Thanks to all that can help.

Funny Search Terms

Blogspot provides statistics about who visits a blog and how they find it, which I always find interesting.  If someone finds my blog through Google or some other search engine, blogspot tells me what search terms they used.  Most of the search terms seem reasonable to me, like "service dog for insomnia," "service dog for dissociative identity disorder," or "service dog find the car."

However, the other day someone found this blog by searching for "had to pee."  I'm trying to imagine why one would be searching for information on "had to pee."  What information was that person hoping to find?

Sunday, July 22, 2012

PTSD and Fear of the Dark

I feel silly just saying I am afraid of the dark because it’s something we are supposed to outgrow as children, isn’t it?  And anyway, it’s not always true.  Sometimes I have no fear of the dark.  Sometimes I even like it.  Sometimes I feel safe in the dark; no one can see me.  And it’s restful for my eyes.  And I have always been comfortable moving around in the dark; I can find my way around my house in the dark without bumping into things, for instance.  I can take a CD out of my CD player and put in a new one, without turning the light on. 

But then there are times I am afraid.  I relate it to my PTSD, although I’m not really sure that’s always what it’s about.  There are plenty of nights I sleep with a light on, usually with a blanket pulled over my eyes to shield them from the light, because the light bothers me when I am trying to sleep.  And yet, I am afraid to turn the light off.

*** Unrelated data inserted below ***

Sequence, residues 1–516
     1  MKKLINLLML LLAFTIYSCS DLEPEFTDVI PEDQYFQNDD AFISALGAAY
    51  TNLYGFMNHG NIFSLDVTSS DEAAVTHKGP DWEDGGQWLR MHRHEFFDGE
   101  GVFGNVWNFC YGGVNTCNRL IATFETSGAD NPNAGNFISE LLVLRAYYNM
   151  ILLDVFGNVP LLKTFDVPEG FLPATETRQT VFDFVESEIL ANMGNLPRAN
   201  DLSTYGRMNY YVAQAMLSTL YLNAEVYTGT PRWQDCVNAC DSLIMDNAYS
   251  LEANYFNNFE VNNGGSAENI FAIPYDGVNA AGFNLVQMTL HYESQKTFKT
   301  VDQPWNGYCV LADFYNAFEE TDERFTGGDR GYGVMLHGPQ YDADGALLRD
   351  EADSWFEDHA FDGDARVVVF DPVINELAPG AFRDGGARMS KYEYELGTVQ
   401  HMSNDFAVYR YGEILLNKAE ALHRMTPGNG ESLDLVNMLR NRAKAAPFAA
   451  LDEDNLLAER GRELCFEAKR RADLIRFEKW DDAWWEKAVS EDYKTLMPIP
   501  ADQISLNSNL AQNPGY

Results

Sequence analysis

One of the tasks I want my service dog to be trained to do for me is turn on lights.  I may need to replace the light switches in my home, or some of them, at least, with those switches that are like touch pads.  You just push them and the light comes on; push them again and the light goes out.  I’ve read that they are easier for a dog to operate than the typical light switches that have to be flipped up and down. 

Also, I often sleep on the living room couch at night and the lights in the living room are not operated by switches at all.  There is no overhead fixture, only two lamps, one at either end of the couch.  I saw a video about a service dog recently and the dog was stepping on a round switch on the floor to turn on a light.  When I say switch, in the this case I am not talking about a light switch like you would have on a wall, but the type of switch a disabled person might use to turn something electronic on and off.  I tried to find a picture online of what I’m talking about, but the closest I could find was this plate switch which is rectangular instead of round.  When I worked with kids with disabilities, though, we always had round ones.  Anyway, my dog will need a way to turn on a light in the living room.

I want my service dog to be able to turn on a light in the room when I have a nightmare, preferably without me having to give the command to do so, because it can take me a while to wake up enough to realize what’s happening and that I need a light on.  I also need my dog to go into a dark room ahead of me and turn a light on.  As I said, I can find my way around the house in the dark just fine, and sometimes I have no trouble walking into a dark room.  Other times, though, I’m terrified of walking into a dark room. 

A couple nights ago, it was the middle of the night and I had to pee.  Normally when I’m up late at night and Mike is already in bed, I don’t turn on the hall light when I go down the hall to the bathroom because the light shines into the bedroom and I don’t want to disturb him.  I walk down the dark hall and into the dark bathroom, where I might turn on the light and close the door, or I might just leave the door open enough that a very little bit of light comes in from the living room.